Individuals discover behaviours that work for them better than existing behaviours; others in the small society observe and choose to copy or not.  The behaviour spreads or not; if it does the group may pass those workable behaviour on to their young; if it doesn’t work they may not pass it on.  Of course, some groups adopt behaviours that work against the group’s interests. Social evolution like biological evolution is blind.  If a prevailing ideology of a group is violently opposed to immunisation against polio, more of its children will die younger.  Likewise with believing superstitions spread by “mystics” that are destructive of a group’s cohesion and can promote escape by risky emigration into the unbounded surrounding bush.
Smith’s point about an action benefitting a society in his two cases using the IH metaphor were quite sound.  The landlord feeding his slaves, etc., was “led” to do so because no slaves, no matter how hard they were driven by the cruellest of overseers could live a week without some minimal food intake and therefore could not work. If fed to some minimal standard, some of the new births would live long enough to work for him in future.  In so far as this arrangement was maintained the outcome was the propagation of the species across the generations   Landlords did not need to think of this outcome at all when they fed their slaves.  That was Smith’s point.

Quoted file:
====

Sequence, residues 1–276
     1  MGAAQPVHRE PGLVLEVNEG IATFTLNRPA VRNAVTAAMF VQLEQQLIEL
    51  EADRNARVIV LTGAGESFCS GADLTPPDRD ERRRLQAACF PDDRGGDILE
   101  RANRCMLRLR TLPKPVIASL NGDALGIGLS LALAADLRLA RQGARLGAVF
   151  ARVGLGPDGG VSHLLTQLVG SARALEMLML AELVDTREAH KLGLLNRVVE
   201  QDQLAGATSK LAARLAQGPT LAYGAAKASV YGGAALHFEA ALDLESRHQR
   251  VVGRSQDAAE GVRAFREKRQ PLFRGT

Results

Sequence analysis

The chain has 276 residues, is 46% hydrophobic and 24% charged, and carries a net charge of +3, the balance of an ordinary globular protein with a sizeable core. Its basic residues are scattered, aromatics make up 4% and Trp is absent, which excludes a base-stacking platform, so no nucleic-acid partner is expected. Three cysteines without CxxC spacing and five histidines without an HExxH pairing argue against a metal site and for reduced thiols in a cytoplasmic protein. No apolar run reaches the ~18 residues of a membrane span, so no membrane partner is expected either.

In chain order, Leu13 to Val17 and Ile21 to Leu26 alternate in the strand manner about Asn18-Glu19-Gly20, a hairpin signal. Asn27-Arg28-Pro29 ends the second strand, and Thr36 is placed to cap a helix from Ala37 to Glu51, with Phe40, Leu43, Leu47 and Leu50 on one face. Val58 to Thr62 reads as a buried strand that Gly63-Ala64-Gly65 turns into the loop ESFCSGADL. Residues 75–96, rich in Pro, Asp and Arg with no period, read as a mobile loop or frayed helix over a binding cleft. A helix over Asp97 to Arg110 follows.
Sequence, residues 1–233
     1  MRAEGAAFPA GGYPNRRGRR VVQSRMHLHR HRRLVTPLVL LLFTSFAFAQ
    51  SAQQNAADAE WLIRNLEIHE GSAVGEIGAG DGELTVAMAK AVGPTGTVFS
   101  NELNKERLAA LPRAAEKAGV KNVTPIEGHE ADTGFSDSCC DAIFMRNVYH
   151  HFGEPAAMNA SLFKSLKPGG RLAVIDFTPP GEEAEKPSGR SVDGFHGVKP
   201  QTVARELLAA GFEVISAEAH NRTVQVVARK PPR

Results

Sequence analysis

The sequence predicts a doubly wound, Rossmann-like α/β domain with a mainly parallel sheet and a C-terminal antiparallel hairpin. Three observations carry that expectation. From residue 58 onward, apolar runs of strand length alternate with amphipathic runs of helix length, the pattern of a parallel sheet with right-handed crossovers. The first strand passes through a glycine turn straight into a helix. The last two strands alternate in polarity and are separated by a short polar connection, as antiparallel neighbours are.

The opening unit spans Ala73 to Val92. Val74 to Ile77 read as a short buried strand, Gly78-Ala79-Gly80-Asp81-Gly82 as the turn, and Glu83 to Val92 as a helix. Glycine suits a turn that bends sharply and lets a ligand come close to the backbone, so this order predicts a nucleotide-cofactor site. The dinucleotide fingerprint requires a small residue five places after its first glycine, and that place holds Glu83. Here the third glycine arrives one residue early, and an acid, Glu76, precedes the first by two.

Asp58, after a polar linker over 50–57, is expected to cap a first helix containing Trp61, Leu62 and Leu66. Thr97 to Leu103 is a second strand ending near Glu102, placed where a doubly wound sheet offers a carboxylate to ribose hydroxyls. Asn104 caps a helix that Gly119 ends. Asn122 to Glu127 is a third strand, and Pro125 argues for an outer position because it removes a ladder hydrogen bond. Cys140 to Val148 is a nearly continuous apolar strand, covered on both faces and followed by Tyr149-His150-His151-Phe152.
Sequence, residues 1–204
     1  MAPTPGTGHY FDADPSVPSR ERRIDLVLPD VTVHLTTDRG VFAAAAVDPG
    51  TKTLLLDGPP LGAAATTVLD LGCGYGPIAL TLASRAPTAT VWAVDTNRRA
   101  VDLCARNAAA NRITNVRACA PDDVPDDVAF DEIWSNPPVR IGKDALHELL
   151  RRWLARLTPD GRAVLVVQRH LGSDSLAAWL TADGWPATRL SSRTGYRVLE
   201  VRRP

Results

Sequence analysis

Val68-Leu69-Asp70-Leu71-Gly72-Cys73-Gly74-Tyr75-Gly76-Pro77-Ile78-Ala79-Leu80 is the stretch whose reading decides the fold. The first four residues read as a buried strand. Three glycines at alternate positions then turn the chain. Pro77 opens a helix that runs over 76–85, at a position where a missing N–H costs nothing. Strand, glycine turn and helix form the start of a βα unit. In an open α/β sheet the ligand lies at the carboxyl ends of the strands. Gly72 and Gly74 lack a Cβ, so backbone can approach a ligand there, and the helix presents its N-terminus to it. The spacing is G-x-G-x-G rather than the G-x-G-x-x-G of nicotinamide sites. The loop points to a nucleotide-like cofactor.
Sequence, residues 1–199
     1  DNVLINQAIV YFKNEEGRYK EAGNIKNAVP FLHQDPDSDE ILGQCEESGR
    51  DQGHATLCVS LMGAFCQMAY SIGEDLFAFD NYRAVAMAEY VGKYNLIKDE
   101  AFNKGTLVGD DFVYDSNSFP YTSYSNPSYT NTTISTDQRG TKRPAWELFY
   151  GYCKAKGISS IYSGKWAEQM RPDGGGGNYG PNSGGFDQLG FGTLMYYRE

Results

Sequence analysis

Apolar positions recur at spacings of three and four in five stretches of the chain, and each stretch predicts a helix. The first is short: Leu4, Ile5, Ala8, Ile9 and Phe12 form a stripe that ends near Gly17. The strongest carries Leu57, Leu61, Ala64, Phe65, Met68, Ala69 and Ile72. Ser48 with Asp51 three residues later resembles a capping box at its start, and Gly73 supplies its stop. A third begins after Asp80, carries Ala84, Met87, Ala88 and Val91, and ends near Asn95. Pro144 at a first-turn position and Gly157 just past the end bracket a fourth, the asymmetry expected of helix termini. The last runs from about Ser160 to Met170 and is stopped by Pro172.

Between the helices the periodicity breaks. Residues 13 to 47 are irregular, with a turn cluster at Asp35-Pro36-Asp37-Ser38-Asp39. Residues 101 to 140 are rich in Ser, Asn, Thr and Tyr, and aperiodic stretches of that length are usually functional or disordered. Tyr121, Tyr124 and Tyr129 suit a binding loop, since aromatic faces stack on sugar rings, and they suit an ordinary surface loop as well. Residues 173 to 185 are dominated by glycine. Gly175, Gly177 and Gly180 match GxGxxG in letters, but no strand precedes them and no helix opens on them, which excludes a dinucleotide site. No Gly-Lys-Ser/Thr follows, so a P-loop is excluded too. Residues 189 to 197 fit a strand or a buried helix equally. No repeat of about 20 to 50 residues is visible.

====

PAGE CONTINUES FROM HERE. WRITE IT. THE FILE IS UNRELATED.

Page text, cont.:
Risk-averse merchants investing their capital locally rather than sending it abroad out of their sight did not think of benefitting society.  The unintended consequences of adding the risk-averse merchants’ capital to the amount of domestic capital was arithmetically to increase “revenue and employment” of the society (the ‘whole is the sum of its parts’).  I am certain that numerate readers of Scientific American understand that consequence immediately.  Smith regarded that arithmetic consequence as a public benefit. 
That is all he was asserting in both passages using the IH metaphor.  Nothing else.  He makes no reference to “markets”, “laissez faire”, “supply and demand”, “price theory”, “General Equilibrium”, or “Pareto’s Welfare Theorem”.  It was just an arithmetical consequence of people’s actions.  Adam Smith, an accomplished mathematician by 18th-century standards, did not try to apply mathematics to the whole economy, nor did he suggest that society could be mathematically described.
Bora Zivkovic fights a phantom Adam Smith completely at odds with the Adam Smith born in Kirkcaldy, Scotland in 1723 and the author of the “Theory of Moral Sentiments” and  “An Inquiry in the Nature and Causes of the Wealth Of Nations”.